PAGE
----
Agricultural Issues - Raising Beef Cattle

cattle grazing

"Cow/calf" and "Yearling" are the two basic types of beef cattle operations. Cow/calf operations are year-round and produce calves as their primary product. In a yearling operation, you purchase weaned calves in the spring, use your summer grazing and sell heavier weight calves in the fall. There are advantages and disadvantages to both. Cow/calf is less financially risky and offer higher returns per animal but they require year-round care. Yearlings are much riskier in that the market prices can shift radically and summer weight gain does not guarantee profit.

Cow/calf is the most common type of beef enterprise in southern Colorado. The typical production cycle has cows breeding in late may and June, calving the following February or March and weaning cmplete in August or September. Usually, between 5 and 10 percent of the calves will die between birth and sale.

Generally, it takes $150 to $250 per year per cow to cover feed, vet bills, medecine, etc. Calves average 400 to 500 pounds at weaning and sell for $0.85 to $1.00 per pound. Therefore, the average return per cow per year is $140 to $175. Initial investment in the business ranges widely but buying comercially bred cows usually costs $800 to $1200 per head.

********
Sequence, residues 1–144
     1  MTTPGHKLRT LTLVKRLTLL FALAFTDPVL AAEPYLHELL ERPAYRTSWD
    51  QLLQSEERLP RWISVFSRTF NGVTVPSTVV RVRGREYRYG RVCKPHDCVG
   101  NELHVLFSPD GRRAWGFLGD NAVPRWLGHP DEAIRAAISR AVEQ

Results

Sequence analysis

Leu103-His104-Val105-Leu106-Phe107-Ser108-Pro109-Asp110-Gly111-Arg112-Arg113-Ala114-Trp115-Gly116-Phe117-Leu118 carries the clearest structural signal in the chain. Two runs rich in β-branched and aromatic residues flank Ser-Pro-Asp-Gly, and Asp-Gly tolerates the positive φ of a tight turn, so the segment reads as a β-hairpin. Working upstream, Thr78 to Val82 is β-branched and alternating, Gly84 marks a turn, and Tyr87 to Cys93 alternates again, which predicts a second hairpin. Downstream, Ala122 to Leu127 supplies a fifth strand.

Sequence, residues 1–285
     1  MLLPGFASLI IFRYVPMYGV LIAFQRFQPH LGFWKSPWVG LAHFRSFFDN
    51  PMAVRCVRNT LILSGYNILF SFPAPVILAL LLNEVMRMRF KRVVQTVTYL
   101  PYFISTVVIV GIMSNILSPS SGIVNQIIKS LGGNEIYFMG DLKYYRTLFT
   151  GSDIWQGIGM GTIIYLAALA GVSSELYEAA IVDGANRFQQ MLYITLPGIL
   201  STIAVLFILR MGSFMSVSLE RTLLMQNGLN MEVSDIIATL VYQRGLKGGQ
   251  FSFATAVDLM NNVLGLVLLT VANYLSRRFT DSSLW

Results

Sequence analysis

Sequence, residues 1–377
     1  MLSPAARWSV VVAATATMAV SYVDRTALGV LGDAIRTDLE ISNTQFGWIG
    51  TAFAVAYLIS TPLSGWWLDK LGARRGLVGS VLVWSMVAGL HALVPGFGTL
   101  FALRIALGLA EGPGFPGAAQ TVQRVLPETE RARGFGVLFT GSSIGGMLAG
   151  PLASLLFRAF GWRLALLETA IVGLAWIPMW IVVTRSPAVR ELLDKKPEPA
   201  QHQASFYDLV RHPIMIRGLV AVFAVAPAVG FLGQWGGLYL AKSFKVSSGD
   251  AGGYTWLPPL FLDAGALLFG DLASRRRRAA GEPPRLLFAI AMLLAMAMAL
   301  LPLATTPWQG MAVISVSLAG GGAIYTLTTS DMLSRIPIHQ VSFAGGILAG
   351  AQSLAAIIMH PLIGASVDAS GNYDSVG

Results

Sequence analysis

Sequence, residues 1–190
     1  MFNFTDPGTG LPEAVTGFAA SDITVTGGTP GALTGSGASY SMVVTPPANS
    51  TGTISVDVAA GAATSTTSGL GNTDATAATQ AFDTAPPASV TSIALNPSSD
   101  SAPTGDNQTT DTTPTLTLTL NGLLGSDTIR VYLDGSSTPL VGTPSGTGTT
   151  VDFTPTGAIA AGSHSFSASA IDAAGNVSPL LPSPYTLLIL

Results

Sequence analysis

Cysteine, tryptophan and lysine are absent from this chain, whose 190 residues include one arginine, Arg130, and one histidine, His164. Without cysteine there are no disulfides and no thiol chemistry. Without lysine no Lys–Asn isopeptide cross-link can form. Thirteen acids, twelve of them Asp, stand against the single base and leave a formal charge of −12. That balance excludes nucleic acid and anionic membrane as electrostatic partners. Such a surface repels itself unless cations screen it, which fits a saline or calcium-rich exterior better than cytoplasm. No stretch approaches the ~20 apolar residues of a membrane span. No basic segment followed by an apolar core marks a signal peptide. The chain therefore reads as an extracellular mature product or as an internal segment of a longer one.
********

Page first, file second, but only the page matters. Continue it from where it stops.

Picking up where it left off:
There is no one right breed of cattle to buy, although you do want to match the breed with the environment. Moderate weight cattle (1000 to 1200 pound mature cows) are the most economical cattle at higher elevations while 800-1100 pound cows are better at lower and dryer elevations. Crossbred cattle are generally superior to purebred cattle because they usually produce a calf that is 5-15% heavier when it is weaned.

A yearling operation takes advantage of natural forage throughout the growing season: this is a summer only enterprise. Typically, a yearling operator will purchase 600 pound weaned calves in May and sell them 90 to 150 days later. These calves will generally gain 200 to 250 pounds in 100 days. Working the numbers, yearling cattle have a potential per head return of $30 to $60. The big risks are summer weather and summer price fluctuations in the market. logo
Upper photo courtesy of the Bureau of Land Management.
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